Holidays of Memory: Holding the Past in the Present

Photo of Rabbi Ben Richards
Photo of Rabbi Ben Richards
Rabbi Ben Richards

Admissions Coordinator for the Ziegler School of Rabbinic Studies

Rabbi Ben Richards works as the Admissions Coordinator for the Ziegler School of Rabbinic Studies of American Jewish University. Upon receiving ordination from Ziegler in 2018, Ben moved to San Antonio, where he served as associate rabbi at Congregation Agudas Achim, a delightful 600-member Conservative synagogue, for three years. Rabbi Richards grew up in the Conservative movement in the San Fernando Valley, learning and working in various capacities at Shomrei Torah Synagogue. He is passionate about rabbinic literature, music, and gratitude.

posted on May 27, 2022

Growing up in a relatively patriotic family in America, I had the experience of partaking in various American rituals and practices throughout the year: watching fireworks while eating pudding on the Fourth of July, seeing military heroes march in parades, and ceasing from the vast amounts of labor expected of me from a very young age (kidding). Every time we would celebrate these holidays, we would do it with joy and fanfare. Our focus was about the new, the changes, and the revolutions, centered on what was to come. This is probably why I struggled immensely to connect with Memorial Day, a holiday honoring those who served and serve in the US military, especially the unbearably long moment of silence. What place did sad memories have on the stage of public joy, growth and celebration? And yet as I’ve gotten older, Memorial Day resonates much more strongly than Independence Day. Perhaps the resonance is due to how present and relatable the mix of sad and happy is in our chaotic world.

Jerusalem Day, or Yom Yerushalyim, is a holiday that commemorates the reunification of a previously split Jerusalem, following the Six-Day War. It is a holiday I knew nothing about growing up, and continually forget (perhaps because of its lack of compelling rituals and foods). There is a particular irony in forgetting Jerusalem Day and thereby Jerusalem, about which the psalmist stated, “If I forget you, O Jerusalem, let my right hand wither.” (Psalm 137) Similar to the American Memorial Day, it is not flashy or overly joy-filled, but rather commemorates the sacrifices of countless lives in the hopes of peace and goodness in the future. These two holidays, just a day apart this year, are hard to make exciting, especially for a child filled with endless hope and a desire for fun. Yet I can’t imagine more relatable days for the adult who has seen a bit of life and recognizes that often things are not so black and white, not merely good or bad but a combination of the two. Both of these holidays focus on memory, but memories aren’t always happy or easy and they sometimes fade and change. Memories often dwell between the nostalgic and melancholy. When dealing with memory, how do we ensure that we honor the past but don’t get stuck there? So much of Judaism lives and operates through memory, that it isn’t surprising to find relevant lessons for our question in the long-preserved stories of our Sages.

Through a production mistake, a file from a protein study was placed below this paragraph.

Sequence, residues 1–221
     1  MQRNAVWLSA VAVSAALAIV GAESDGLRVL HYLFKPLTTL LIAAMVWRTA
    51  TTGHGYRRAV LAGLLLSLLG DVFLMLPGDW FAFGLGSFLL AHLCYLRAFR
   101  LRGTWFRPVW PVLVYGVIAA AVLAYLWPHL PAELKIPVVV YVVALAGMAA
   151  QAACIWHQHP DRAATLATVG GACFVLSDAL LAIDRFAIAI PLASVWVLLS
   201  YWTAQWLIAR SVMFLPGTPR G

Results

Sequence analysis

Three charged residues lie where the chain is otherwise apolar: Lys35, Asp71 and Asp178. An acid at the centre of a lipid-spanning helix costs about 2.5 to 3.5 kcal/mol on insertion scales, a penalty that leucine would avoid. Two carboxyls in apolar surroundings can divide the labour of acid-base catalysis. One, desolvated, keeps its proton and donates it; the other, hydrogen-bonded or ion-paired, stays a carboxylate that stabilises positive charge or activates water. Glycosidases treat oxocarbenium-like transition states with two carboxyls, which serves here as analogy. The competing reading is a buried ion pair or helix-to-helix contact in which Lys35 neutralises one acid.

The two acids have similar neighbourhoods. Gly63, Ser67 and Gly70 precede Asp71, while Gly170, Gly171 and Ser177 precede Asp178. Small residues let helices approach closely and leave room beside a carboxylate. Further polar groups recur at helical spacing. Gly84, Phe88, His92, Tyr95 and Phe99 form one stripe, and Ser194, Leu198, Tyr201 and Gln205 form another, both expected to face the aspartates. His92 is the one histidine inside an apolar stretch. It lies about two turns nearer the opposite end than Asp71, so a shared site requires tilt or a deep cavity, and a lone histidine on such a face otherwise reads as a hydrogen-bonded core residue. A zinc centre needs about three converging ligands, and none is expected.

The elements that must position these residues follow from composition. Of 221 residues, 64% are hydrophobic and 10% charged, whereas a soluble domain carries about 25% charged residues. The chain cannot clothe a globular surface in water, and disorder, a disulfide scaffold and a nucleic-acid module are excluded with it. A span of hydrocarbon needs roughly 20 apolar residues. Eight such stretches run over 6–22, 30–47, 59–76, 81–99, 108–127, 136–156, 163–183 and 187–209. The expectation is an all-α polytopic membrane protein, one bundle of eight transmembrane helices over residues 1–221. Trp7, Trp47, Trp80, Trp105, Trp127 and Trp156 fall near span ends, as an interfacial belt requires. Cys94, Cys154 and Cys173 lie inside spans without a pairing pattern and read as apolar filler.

When it comes to memory, commemorations, and holidays, we may be tempted to let them pass us by. Why dwell on a challenging past when we can point to the improvements and steps forward? In moments when we feel this way, we need to hold a bit more room for recognizing loss, failure, sacrifice and struggle. Like a Temple destruction commemorator, we need to find a way to leave a little of our souls un-plastered. On the other hand, we might seek to connect with memory to the point where we cannot extricate ourselves from what has transpired. In moments like this, we must remind ourselves that excessive mourning ensures that nothing new is ever built and nothing ends up plastered at all. Joy, hope, and the future must exist alongside sadness, being realistic, and the past.

It’s easy to advocate for a mixture and much harder to nail it. A person could be anywhere across the board in terms of how they memorialize, but I’d imagine that most of us struggle to leave anything un-plastered, eager as we are to escape reality for vacations and holidays. So, at this unique junction of two rather different yet importantly similar memory-based holidays, I bless us that we find ways to welcome in the occasional blemishes and challenges of the past, letting them guide us and inform who we are, all while continuing to be able to move forward and grow from the experience. Donuts are full of goodness and holes, buildings are a combination of plastered and un-plastered, and as the Israeli poet, Naomi Shemer notes, life is filled with “bitter and sweet”. “Over all of these things”, may God bless us.